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I'd prefer a commercial solution. So not NHibernate. Now i'm playing with LLBLGen pro and i like it but it doesn't seem be DDD friendly.

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How, exactly, would you like it to be 'DDD' friendly? It's an awesome ORM. –  Noon Silk Aug 23 '09 at 11:24
    
why don't you like non commercial? What is wrong with NHibernate? –  Nathan W Aug 23 '09 at 11:48
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I don't recall any mention of ORM in Eric Evans' domain driven design book. If the phrase means concentrating on the problem at hand, how does the choice of a specific persistence technique matter at all? Once you have the domain sorted out, you're free to persist it any way you wish. –  duffymo Aug 23 '09 at 12:44
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Your question is poorly stated. I can't see how anyone could answer it effectively. 1) Why would you prefer a commercial solution? Knowing that may affect the answers you receive. 2) You didn't give enough information about your experiences with LLBLGen Pro. What exactly isn't DDD-friendly? 3) What are your expectations for answers to this question? –  Bryan Watts Aug 23 '09 at 16:15
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4 Answers

up vote 4 down vote accepted

Mindscape's LightSpeed O/R Mapper was built with DDD in mind from the beginning.

If by "DDD friendly" you meant that the ORM supports concepts and patterns such as Entities and Value Objects, Unit of Work, Repository, Specification and Aggregates then certainly LightSpeed uses these.

Mindscape LightSpeed ORM

The other comments are valid however - could you define DDD friendly in more detail please? I'm also sure that most modern ORMs support at least some of the aspects that I've highlighted here.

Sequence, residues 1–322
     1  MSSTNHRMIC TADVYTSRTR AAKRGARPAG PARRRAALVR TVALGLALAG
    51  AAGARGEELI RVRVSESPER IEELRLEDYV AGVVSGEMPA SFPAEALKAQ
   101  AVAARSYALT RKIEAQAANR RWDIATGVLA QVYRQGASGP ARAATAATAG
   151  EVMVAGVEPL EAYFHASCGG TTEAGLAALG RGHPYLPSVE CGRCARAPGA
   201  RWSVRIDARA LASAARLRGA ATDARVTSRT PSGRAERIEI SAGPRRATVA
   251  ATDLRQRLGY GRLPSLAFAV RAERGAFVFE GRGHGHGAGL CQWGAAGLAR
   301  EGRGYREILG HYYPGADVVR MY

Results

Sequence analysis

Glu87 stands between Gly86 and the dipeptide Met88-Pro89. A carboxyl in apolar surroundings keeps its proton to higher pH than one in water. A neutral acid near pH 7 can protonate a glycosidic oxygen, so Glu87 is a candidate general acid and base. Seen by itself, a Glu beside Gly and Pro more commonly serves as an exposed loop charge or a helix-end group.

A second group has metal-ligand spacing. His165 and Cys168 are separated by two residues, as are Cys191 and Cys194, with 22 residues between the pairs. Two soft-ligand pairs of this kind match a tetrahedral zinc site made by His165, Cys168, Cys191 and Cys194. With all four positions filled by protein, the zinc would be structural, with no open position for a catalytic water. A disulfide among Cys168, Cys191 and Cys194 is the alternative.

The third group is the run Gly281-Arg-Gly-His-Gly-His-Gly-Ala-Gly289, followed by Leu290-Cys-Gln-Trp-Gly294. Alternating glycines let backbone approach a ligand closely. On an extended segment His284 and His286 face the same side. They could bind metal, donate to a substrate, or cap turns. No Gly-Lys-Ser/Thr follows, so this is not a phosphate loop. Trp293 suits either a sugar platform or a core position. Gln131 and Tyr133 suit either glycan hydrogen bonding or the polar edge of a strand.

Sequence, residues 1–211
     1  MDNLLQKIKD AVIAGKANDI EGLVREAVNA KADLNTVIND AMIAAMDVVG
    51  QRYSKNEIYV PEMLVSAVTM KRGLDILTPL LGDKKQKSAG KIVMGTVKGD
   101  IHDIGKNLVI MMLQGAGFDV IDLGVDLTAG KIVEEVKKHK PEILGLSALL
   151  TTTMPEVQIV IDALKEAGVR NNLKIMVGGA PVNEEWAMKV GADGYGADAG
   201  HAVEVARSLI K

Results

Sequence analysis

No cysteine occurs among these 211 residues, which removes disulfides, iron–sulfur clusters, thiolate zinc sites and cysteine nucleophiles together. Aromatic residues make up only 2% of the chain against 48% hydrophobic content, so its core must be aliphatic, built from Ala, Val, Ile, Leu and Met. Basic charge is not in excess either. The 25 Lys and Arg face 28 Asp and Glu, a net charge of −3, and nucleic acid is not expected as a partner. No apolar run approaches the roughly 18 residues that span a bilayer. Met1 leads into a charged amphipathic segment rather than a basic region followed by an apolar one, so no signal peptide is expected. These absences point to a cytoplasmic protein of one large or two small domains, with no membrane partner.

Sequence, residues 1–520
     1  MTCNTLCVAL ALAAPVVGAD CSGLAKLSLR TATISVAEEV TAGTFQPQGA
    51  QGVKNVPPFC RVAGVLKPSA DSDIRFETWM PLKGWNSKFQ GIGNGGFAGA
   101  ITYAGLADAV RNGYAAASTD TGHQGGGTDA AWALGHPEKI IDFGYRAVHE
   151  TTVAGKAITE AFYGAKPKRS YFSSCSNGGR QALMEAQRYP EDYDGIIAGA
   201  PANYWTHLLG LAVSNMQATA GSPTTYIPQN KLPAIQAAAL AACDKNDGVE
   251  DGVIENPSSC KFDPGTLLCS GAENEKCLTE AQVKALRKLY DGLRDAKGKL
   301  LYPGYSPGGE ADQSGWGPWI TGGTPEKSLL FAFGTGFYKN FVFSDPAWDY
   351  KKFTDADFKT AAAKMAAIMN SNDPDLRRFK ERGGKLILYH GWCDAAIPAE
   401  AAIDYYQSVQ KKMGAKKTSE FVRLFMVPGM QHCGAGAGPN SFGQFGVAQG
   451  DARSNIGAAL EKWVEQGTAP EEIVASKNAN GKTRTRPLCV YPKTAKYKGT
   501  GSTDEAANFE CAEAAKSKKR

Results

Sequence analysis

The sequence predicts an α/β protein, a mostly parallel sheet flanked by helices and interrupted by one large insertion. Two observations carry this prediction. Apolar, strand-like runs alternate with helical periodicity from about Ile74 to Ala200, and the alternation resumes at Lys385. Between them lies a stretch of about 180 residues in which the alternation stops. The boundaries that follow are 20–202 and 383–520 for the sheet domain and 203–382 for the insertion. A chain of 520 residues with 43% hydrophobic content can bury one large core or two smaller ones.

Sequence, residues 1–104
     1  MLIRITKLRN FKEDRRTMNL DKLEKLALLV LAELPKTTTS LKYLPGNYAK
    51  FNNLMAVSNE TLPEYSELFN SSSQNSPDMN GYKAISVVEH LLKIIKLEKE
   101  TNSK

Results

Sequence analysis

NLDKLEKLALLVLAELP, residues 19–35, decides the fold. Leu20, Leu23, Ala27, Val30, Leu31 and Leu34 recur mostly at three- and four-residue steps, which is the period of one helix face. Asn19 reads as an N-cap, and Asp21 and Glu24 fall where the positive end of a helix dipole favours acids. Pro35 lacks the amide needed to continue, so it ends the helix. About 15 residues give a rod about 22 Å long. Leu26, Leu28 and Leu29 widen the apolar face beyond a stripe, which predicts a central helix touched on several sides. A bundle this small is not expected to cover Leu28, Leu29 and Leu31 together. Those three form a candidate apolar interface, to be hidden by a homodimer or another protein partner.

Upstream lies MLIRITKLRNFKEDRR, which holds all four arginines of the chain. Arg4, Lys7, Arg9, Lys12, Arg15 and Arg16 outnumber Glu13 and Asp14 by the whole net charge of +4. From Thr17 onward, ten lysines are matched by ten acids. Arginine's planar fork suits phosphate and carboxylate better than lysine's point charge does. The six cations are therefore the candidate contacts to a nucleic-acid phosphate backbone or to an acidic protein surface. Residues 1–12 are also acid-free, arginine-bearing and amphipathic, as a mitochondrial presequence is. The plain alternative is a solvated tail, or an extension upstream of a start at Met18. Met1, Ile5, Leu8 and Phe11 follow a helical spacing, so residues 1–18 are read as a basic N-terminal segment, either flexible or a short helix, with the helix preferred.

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Too bad that it's not for free :/ –  Arnis L. Sep 14 '09 at 12:45
    
There is a free version for small systems. –  traskjd Sep 18 '09 at 5:08
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Try DataObjects.Net, it automatically generates database schema from model classes and allows to work with domain model, rather than with database. I think it is pretty good for DDD.

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does it work with oracle ? –  user137348 Sep 11 '09 at 10:02
    
As far as I know Oracle support is already implemented and expected in next release. –  Alex Kofman Sep 11 '09 at 12:47
    
Yes, now it supports Oracle. –  Alex Yakunin Oct 28 '09 at 8:57
    
"I think so", "As far as I know" ... you created DO.Net, you should know ;) –  Robert Massa Feb 22 '10 at 14:28
    
But I don't work on Oracle support, its status was unclear at that moment (-: –  Alex Kofman Feb 24 '10 at 14:32
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NHibernate now has commercial support and would be my recommendation - you can start object first and it has LINQ support now that LINQ to NHibernate is 1.0

Works with SQL Server/Oracle/DB2/etc

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exactly what I was going to say. :) –  Frederik Gheysels Sep 11 '09 at 13:26
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Try ECO. It is commercial but is free to try and unlimited use up to 12 classes. And you can do a lot with 12 classes. It has reached version 5 so it is mature.

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